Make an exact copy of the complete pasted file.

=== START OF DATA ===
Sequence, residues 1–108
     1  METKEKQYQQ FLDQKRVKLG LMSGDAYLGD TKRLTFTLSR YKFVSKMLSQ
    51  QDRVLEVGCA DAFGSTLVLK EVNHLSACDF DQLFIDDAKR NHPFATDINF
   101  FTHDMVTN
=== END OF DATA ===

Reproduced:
Sequence, residues 1–108
     1  METKEKQYQQ FLDQKRVKLG LMSGDAYLGD TKRLTFTLSR YKFVSKMLSQ
    51  QDRVLEVGCA DAFGSTLVLK EVNHLSACDF DQLFIDDAKR NHPFATDINF
   101  FTHDMVTN